Bad News and Good News

The Bad News is -
A recent study claiming dramatic reductions in global marine fish stocks has received wide attention.  The analysis, published in the scientific journal Nature, indicates a 90% decline in populations of large predatory fish has occurred over the past 50 years. This study by Dr. Ransom Myers and Dr. Boris Worm of Dalhousie University in Halifax, Nova Scotia states "Our analysis suggests that the global ocean has lost more than 90% of large predatory fishes."

This sounds near catastrophic and the report has already been widely cited but is it true? The Food and Agricultural Organization of the U.N. has catch statistics  for world fisheries on their website going back to 1961.  Here is what they show: The  global catch for pelagic fishes in 1961 was 7.3 million tonns.  It showed an increasing trend until the late 1980s and has remained at around 40 million tonns since then.  The peak year was 1994 at 44.5 million tonns.  The most recent year for which statistics were available was 1999 at 40.4 million tonns.  The catch for demersal fishes was 9.7 million tonns in 1961. This rises to around 20 million tonns in the early 1980s and peaks at 21.9 million tonns in 1987. The figure for 1999 is 20.2 million tonns.  Breakdowns for various groups of fishes from 1994 through 2000 show similar patterns for tunas, sharks, flounders, and herrings with catches for 2000 at or near all time highs.  Only the cods show a moderate decline from 10.7 million tonns in 1996 to 8.7 million tonns in 2000.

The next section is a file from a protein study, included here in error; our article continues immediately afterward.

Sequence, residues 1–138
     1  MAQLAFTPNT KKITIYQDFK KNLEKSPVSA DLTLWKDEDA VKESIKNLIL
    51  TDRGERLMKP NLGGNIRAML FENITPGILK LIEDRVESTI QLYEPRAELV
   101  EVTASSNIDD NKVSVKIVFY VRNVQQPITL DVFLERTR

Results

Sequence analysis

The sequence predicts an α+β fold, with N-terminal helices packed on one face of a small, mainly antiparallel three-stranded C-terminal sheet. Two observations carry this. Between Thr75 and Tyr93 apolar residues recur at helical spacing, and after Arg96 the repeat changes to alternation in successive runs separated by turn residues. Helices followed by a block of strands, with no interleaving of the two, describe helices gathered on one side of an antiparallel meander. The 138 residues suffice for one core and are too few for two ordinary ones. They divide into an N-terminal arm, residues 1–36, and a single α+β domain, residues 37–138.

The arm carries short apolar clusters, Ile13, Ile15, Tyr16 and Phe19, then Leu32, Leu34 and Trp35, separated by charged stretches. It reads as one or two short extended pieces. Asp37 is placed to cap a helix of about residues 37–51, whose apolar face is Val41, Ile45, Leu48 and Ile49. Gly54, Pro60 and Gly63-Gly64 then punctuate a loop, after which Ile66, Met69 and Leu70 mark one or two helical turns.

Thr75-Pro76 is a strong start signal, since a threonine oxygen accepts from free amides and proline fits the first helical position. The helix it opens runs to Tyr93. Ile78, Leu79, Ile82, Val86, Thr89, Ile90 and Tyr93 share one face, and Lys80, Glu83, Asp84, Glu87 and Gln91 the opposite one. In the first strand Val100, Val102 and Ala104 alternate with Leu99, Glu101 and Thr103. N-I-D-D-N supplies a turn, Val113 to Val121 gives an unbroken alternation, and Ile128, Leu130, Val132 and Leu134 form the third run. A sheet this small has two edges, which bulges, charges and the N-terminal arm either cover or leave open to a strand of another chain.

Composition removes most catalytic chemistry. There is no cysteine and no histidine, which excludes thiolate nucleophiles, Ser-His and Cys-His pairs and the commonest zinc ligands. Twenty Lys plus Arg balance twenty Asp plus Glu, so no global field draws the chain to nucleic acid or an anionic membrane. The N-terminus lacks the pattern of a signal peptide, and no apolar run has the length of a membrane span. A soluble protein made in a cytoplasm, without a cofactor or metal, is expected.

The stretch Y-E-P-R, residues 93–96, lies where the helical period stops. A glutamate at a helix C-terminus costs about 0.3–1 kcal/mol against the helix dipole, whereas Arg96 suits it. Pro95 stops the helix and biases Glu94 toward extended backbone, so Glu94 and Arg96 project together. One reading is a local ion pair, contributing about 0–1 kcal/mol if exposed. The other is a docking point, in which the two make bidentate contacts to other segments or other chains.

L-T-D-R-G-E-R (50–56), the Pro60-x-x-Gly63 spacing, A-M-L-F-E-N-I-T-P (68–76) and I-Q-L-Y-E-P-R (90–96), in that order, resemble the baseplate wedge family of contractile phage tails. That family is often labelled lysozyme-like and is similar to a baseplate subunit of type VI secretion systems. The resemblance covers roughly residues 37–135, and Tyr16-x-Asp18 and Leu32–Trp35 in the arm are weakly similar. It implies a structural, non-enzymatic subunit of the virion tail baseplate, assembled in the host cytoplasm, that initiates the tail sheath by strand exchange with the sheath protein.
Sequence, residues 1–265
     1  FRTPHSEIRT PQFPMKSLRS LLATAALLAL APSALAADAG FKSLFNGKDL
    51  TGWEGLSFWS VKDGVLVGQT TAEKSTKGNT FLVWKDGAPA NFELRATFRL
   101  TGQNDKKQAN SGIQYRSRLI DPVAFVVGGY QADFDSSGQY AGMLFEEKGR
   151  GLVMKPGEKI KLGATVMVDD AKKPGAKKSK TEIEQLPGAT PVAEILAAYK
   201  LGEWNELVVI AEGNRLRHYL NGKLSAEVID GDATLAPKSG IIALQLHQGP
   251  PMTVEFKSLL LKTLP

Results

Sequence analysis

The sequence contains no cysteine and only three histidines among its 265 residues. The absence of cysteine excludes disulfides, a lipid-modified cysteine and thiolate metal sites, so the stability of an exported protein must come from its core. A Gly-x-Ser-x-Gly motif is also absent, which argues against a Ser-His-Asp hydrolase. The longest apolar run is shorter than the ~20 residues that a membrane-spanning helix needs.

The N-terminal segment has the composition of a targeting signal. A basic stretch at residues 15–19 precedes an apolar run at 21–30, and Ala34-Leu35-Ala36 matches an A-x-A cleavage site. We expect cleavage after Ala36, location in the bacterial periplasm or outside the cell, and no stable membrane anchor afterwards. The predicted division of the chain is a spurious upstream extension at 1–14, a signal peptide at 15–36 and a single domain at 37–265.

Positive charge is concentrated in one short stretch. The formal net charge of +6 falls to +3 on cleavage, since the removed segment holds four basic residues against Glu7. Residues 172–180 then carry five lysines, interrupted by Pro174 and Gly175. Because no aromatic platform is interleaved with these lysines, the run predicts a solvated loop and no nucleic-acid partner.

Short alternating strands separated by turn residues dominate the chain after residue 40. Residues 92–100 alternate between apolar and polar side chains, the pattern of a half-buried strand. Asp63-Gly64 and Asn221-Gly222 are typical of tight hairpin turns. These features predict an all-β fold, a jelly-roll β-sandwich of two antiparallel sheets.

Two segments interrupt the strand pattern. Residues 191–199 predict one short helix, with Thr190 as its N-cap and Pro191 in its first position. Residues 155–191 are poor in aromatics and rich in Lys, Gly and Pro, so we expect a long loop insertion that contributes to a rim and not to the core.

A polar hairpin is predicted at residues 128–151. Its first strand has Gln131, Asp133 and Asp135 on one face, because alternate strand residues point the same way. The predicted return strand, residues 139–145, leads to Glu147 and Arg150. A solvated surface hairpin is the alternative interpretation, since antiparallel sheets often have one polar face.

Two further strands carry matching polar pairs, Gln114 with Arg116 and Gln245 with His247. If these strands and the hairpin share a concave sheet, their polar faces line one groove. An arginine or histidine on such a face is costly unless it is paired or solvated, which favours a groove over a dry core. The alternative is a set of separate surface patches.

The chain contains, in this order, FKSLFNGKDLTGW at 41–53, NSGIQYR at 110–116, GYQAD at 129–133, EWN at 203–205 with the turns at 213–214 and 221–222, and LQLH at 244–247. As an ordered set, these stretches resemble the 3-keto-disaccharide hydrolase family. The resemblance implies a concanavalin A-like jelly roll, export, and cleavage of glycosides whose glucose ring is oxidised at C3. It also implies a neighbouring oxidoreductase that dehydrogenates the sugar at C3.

A global decline of 90% in populations would have to result in significantly reduced catches. The statistics do clearly show a leveling off over the past decade and a strong case can be made for reduction in pressure on many stocks but such extraordinary claims are unhelpful. They are sure to be strongly rejected by the fishing industry, are contrary to actual catch results and almost certain to be disputed and ultimately discredited.

The readiness with which various prominent individuals and groups concerned with marine conservation have adopted this report is unfortunate in that false or exaggerated claims only make easy fodder for denial and disproof.

For FAO statistics see:

and the Good News is -
Golden Dolphin will soon be releasing a Biennial DVD edition containing the entire first 12 issues on a single, DVD data disk.   It contains nearly 6 hours of video, around 3000 still images and hundreds of pages of text comprising some 150 feature stories. It will be sold through distributors, dive shops and various other retail outlets so will hopefully reach a significant global audience. A RRP of U.S.$19.95 should make it the best buy in dive publishing.

In recent years there has been a proliferation of new channels of media but the time, money, and interest we have to expend on them remains much the same as it always was. It's a zero sum game with every new medium or channel only dividing the pie into smaller and smaller pieces with audience attention becoming an ever scarcer commodity. Increasingly we are overwhelmed with a confusion of generally overpriced choices and often end up not buying anything.

The Golden Dolphin DVD is an attempt to offer a compelling combination of quality, quantity and value.  It is also an experiment in a new model of content distribution for creators in that in that the standard contributors share for the regular CD issue will apply to the DVD as well.

An innovative new advertising section will include interesting advertorial content and direct web links to advertisers own websites at prices they can afford. For more info on this see: . Contributors share will also apply to advertising revenue.

If you are an underwater photographer with work you would like to see in the next DVD edition now is good time to get in touch.

 Walter Starck